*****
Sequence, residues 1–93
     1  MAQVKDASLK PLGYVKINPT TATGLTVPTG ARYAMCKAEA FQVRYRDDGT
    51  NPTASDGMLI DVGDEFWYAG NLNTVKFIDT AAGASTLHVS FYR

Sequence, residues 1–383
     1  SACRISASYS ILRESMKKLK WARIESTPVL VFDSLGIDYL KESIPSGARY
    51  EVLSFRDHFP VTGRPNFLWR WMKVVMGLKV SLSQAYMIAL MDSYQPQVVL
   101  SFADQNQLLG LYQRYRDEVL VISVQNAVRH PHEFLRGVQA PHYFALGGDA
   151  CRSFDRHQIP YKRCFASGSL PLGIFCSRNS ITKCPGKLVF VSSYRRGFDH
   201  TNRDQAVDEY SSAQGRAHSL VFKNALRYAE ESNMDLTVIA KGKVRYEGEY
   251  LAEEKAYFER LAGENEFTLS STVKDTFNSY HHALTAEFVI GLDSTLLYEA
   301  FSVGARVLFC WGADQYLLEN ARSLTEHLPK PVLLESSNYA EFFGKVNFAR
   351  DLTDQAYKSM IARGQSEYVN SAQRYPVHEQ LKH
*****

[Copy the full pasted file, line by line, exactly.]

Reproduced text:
Sequence, residues 1–93
     1  MAQVKDASLK PLGYVKINPT TATGLTVPTG ARYAMCKAEA FQVRYRDDGT
    51  NPTASDGMLI DVGDEFWYAG NLNTVKFIDT AAGASTLHVS FYR

Sequence, residues 1–383
     1  SACRISASYS ILRESMKKLK WARIESTPVL VFDSLGIDYL KESIPSGARY
    51  EVLSFRDHFP VTGRPNFLWR WMKVVMGLKV SLSQAYMIAL MDSYQPQVVL
   101  SFADQNQLLG LYQRYRDEVL VISVQNAVRH PHEFLRGVQA PHYFALGGDA
   151  CRSFDRHQIP YKRCFASGSL PLGIFCSRNS ITKCPGKLVF VSSYRRGFDH
   201  TNRDQAVDEY SSAQGRAHSL VFKNALRYAE ESNMDLTVIA KGKVRYEGEY
   251  LAEEKAYFER LAGENEFTLS STVKDTFNSY HHALTAEFVI GLDSTLLYEA
   301  FSVGARVLFC WGADQYLLEN ARSLTEHLPK PVLLESSNYA EFFGKVNFAR
   351  DLTDQAYKSM IARGQSEYVN SAQRYPVHEQ LKH